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Time Well Spent

January 14, 2002
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Stuart Streuli

I took my time getting through college. Most people who went to school for as long as I did are usually well on their way to a doctorate. Spending six years at two colleges probably wasn’t the most efficient path to the bachelor of science in information systems management I received last June, but it did allow me to get the most out of my studies and my sailing. Between the racecourse and the classroom I gained a much richer education.

For starters, college sailing allows students a few hours of release from the pressures of school. I think I’d have gone crazy if I hadn’t been able to consistently get on the water. Of course, there’s a downside to this escape. Attending distant regattas can take a toll when papers are due and exams near. But experiences like that teach you, occasionally the hard way, how to budget your time. As I write this, I’m trying to balance two jobs, a Farr 40 campaign, and a 49er Olympic campaign (www.49erRacing.com).

Of all the souvenirs I have from the three years I spent sailing for UC Santa Cruz, the lasting friendships I made are the most valuable. This group of lifelong friends includes teammates and opponents. Together we created some great memories, both on and off the water. I remember, with equal affection, the time I spent hanging out around a campfire at the North/South Regatta, and competing against 100 other sailors from the United States and Japan at the biennial Goodwill Regatta.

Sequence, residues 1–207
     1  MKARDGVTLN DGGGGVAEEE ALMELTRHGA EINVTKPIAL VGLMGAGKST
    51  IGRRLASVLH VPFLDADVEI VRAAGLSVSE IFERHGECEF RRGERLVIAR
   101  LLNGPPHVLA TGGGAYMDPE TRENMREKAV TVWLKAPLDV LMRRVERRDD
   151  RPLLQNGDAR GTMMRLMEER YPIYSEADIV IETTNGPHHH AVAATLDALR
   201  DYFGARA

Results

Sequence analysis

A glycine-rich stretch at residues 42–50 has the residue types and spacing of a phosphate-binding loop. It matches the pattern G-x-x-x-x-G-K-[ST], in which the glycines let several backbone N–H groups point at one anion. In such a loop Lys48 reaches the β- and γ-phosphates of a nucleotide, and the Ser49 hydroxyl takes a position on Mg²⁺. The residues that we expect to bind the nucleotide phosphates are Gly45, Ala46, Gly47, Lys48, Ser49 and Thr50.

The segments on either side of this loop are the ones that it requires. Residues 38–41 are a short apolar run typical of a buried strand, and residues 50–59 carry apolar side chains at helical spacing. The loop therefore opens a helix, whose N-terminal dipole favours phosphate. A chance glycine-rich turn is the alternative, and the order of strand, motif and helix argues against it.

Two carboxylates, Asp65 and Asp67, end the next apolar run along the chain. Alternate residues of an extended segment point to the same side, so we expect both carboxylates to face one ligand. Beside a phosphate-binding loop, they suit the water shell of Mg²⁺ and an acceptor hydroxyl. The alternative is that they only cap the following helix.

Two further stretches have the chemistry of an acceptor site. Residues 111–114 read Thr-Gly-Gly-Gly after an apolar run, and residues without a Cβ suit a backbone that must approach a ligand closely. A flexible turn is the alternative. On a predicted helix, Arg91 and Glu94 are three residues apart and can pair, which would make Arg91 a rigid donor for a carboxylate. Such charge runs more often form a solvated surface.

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Sounds pretty good, doesn’t it? A great way to spend four, or five years. So what is it that a young sailor should look for when applying to college? A top-20 team? An ideal sailing location? A great fleet of boats? A rock star coach? Nope, none of these. Sailing is secondary. First, make sure the college is right for you. If you don’t enjoy the school, you’ll be wasting your time. And if you’re unhappy, you probably won’t sail well anyway. A junior or senior in high school should be thinking: What school will best suit my social, academic, or geographic interests? Where will I be happiest? What do I want to get out of my college education? Who am I going to the prom with?

The sailing? That’ll take care of itself. Your experience will be whatever you choose to make of it. I should know. After graduating from Santa Rosa Junior College, I enrolled at UCSC where there was a small but vital team. With some help and a lot of effort, we built the team into a nationally ranked squad. My senior year, I was honored with sportsman of the year awards from my district and the Inter-Collegiate Sailing Association. These awards signify that my love for the sport and dedication to enjoying it to the fullest were recognized by my peers and coaches. I can’t think of a higher honor.

As you read Sailing World’s third annual Guide to College Sailing, think about what you want out of your college experience. But no matter what your goals are, whether you want to earn All-American status, win a national championship, or just learn how to roll tack properly, make sure you take the time to meet as many people as possible. The relationships you make during your college sailing career will last a lifetime.

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